“I’ve read much on Jewish history, yet the subject of anti-Semitism has always been something I’ve never understood; I am hoping this course will help.” Jane Gough, online course participant
“As a son and grandson of Auschwitz survivors, I have always been interested in the root cause and history of anti-Semitism and hope to be able to educate others rather than just point at World War II.” Gary Frenkiel, online course participant
Anti-Semitism is most commonly defined as a hatred of Jews, and the wide range of acts, rhetoric, thoughts and sentiments this hatred evokes. Yet for a word that is so commonly used, its boundaries and expressions often come into scholarly, political and public debate.
A fascinating online course created by Yad Vashem, entitled “Antisemitism: From Its Origins to the Present,” is now available for a limited time on the UK FutureLearn digital educational platform.
The course navigates more than 2,000 years of history, attempting to answer many of the major questions surrounding the evolution and nature of anti-Semitism, including: How has anti-Semitism served a range of cultures, societies and ideologies? What is it about anti-Semitism that enabled it to become the driving force behind one of the worst atrocities of our times – the Holocaust? What happened to anti-Semitism after the Holocaust? And how do Israel and Zionism fit into the story of anti-Semitism?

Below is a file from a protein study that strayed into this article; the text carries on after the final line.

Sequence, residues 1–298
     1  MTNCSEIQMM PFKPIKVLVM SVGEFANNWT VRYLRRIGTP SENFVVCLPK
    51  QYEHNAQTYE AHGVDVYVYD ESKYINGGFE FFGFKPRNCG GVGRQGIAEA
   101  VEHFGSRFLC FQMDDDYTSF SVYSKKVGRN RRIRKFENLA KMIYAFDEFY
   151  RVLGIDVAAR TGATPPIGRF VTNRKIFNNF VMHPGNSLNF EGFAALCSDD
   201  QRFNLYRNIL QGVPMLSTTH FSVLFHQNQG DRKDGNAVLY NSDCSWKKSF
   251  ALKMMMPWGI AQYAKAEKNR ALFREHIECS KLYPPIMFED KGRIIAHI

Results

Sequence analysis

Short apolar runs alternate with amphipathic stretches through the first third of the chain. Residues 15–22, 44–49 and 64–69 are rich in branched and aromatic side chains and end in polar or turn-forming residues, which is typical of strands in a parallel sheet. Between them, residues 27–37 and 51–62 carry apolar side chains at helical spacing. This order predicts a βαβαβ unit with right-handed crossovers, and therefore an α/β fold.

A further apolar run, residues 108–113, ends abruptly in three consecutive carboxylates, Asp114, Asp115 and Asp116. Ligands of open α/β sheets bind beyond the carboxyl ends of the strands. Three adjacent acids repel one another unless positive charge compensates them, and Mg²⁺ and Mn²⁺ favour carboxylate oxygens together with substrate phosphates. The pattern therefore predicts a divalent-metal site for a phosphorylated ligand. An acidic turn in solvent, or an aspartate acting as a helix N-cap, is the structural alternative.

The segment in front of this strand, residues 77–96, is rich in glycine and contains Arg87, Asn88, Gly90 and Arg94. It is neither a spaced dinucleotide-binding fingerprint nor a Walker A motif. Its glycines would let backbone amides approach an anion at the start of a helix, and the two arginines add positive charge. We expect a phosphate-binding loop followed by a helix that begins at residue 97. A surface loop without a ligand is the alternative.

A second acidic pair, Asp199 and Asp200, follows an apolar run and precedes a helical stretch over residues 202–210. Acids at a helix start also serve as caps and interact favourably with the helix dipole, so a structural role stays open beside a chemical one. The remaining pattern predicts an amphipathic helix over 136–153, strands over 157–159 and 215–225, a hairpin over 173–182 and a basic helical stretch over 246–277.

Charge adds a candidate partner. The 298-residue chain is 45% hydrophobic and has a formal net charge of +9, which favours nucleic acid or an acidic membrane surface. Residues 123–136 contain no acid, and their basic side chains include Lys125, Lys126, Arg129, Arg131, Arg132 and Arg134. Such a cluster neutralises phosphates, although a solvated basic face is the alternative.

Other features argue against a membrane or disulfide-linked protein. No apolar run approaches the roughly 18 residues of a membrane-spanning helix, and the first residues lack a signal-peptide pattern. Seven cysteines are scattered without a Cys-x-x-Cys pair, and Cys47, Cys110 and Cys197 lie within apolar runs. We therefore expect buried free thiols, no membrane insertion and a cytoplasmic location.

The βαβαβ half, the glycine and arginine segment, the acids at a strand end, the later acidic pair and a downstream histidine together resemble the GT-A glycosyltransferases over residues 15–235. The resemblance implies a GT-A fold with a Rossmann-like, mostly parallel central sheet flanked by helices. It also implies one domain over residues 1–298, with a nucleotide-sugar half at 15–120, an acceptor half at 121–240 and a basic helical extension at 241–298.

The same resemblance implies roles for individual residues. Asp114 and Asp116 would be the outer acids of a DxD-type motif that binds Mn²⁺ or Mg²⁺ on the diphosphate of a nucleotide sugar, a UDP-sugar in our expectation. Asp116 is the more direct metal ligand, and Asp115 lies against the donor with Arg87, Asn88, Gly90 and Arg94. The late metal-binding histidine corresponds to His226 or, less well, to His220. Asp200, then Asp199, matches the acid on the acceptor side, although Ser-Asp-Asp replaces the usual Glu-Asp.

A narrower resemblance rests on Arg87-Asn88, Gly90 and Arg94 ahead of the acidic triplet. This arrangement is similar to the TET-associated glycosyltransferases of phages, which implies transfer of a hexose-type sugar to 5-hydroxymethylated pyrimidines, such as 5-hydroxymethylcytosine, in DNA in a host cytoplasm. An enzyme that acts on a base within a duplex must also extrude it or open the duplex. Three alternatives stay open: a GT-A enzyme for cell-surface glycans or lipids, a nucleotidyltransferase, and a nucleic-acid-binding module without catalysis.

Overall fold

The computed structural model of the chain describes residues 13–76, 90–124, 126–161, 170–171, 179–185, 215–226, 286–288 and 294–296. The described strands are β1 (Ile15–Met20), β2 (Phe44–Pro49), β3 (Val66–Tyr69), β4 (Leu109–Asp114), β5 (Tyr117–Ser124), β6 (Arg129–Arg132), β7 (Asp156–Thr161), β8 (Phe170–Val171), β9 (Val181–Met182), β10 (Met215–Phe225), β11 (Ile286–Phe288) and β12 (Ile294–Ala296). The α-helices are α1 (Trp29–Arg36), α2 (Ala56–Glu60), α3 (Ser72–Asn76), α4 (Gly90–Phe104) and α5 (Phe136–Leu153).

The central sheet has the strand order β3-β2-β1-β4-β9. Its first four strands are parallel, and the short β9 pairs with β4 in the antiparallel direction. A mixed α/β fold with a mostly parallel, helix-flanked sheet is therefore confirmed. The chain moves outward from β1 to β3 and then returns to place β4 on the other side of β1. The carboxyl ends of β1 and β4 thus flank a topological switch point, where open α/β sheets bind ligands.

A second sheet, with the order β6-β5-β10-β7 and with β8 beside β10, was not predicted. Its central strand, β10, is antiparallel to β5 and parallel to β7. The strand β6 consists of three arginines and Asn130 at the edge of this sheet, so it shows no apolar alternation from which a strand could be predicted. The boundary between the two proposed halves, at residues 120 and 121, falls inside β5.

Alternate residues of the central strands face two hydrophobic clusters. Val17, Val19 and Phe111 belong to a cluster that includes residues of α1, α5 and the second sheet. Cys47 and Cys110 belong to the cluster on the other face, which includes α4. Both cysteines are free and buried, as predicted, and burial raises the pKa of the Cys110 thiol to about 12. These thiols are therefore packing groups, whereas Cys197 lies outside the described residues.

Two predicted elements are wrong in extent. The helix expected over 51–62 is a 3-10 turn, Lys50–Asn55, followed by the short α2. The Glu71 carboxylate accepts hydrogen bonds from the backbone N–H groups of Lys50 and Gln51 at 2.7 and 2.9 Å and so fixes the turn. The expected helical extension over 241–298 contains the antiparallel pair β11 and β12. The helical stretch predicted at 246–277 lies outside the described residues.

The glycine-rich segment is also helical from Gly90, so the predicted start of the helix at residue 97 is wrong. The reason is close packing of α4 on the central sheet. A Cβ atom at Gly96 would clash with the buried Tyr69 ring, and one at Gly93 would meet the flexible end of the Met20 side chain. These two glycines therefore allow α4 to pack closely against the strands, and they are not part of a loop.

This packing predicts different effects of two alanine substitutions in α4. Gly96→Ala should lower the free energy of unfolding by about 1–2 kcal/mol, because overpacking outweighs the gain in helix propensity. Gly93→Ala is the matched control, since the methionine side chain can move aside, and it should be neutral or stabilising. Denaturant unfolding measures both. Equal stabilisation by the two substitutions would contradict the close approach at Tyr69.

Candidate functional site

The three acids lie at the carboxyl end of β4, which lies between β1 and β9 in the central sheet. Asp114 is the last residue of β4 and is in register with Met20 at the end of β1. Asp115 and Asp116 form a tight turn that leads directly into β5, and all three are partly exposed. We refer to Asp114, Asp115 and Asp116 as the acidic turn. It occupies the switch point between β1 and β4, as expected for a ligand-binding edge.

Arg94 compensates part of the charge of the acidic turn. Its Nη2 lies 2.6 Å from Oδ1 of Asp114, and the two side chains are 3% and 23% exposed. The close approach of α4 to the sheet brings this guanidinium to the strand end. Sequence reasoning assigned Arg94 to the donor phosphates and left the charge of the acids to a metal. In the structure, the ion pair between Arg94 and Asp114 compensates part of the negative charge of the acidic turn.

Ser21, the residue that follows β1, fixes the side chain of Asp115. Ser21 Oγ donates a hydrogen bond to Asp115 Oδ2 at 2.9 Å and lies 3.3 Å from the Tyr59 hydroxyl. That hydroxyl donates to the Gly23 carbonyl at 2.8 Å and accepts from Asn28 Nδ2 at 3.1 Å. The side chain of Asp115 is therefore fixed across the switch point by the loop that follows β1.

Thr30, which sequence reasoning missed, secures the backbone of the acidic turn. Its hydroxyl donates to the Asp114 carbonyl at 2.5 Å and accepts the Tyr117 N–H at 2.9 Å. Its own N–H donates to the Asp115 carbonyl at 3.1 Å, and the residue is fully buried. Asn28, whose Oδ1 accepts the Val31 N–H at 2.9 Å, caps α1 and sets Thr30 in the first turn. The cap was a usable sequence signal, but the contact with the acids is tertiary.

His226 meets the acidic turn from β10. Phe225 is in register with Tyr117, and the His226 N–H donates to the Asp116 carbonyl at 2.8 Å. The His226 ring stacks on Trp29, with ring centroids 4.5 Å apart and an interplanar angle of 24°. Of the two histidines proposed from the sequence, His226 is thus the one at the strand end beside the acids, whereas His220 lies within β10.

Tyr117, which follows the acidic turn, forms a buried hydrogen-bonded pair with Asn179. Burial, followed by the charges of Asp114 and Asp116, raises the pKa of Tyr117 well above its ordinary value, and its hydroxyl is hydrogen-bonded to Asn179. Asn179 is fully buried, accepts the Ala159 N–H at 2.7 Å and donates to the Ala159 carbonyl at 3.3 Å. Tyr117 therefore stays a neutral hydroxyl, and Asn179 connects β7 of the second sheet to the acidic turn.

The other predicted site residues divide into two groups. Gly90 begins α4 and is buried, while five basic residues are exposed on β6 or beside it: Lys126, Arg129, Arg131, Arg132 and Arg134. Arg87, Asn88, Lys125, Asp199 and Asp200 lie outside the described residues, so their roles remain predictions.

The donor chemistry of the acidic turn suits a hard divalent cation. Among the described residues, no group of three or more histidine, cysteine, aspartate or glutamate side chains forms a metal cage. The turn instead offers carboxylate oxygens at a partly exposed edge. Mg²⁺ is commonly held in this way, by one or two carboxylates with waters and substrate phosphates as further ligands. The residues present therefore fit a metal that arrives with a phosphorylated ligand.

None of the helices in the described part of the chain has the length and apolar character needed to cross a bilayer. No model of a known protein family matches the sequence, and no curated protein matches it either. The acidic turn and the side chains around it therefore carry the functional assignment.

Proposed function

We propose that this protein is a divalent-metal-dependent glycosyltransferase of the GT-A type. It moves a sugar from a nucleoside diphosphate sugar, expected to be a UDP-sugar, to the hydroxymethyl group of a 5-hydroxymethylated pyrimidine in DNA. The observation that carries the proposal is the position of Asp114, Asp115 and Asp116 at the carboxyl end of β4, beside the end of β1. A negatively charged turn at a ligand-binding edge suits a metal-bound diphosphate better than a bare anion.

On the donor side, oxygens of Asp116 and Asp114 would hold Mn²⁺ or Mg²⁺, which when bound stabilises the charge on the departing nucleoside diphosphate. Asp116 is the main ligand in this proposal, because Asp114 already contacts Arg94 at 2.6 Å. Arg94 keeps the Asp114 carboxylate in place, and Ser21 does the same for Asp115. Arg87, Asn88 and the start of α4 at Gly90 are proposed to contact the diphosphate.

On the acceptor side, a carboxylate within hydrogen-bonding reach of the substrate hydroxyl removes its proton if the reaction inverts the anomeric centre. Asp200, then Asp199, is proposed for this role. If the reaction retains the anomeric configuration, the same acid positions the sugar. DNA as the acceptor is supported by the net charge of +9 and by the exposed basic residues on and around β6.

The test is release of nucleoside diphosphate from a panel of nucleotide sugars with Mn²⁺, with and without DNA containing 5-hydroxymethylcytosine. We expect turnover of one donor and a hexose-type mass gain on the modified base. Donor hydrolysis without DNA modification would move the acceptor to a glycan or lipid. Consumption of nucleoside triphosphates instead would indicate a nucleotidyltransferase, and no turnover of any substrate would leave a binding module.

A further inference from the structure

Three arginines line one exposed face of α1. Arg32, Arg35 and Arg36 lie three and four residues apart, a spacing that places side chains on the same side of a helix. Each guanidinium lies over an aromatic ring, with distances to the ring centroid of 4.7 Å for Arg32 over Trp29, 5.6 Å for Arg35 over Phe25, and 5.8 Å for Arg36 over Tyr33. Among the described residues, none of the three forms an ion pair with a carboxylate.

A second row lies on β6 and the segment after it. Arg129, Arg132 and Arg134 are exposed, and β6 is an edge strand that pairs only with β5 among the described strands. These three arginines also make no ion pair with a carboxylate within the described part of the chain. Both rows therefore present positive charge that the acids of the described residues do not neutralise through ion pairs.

“Holocaust education and the study of anti-Semitism, particularly its contemporary forms, have become – in many contexts and for many purposes – interlinked,” explains Dr. Naama Shik, director of the e-Learning Department at Yad Vashem’s International School for Holocaust Studies. “Effective educational activity about the one involves and requires knowledge regarding the other. In an era when there is a worrying rise in anti-Semitism, there is an increasing need to learn about and understand this phenomenon of hate and recognize how to confront it.”
The six-week course is based on short video lectures presented by 50 leading researchers and public figures from Yad Vashem and from around the world: historians, sociologists, linguists, philosophers and political scientists, as well as policy-makers and religious leaders. Its first half deals with the evolution of anti-Semitism until the Holocaust, while the second half explores anti-Semitism in our world today, focusing on movements and developments such as the alt-right in the United States, far-right parties in Europe, the BDS movement, and alleged anti-Semitism in the British Labour Party.
The topic of anti-Semitism is emotionally — and often politically — charged, particularly when dealing with the contemporary world and with heated topics such as anti-Zionism, criticism of the State of Israel, and what should and should not be defined as “anti-Semitism” or “anti-Semitic.”
One of the main goals of the course is to therefore present a coherent, thematic and balanced overview of the subject, one that can be accessible to a wide variety of audiences, and that will enable its learners to better understand this age-old phenomenon as well as gain the knowledge necessary to identify it.
Join more 10,000 learners from around the globe who have already taken and benefited from this course.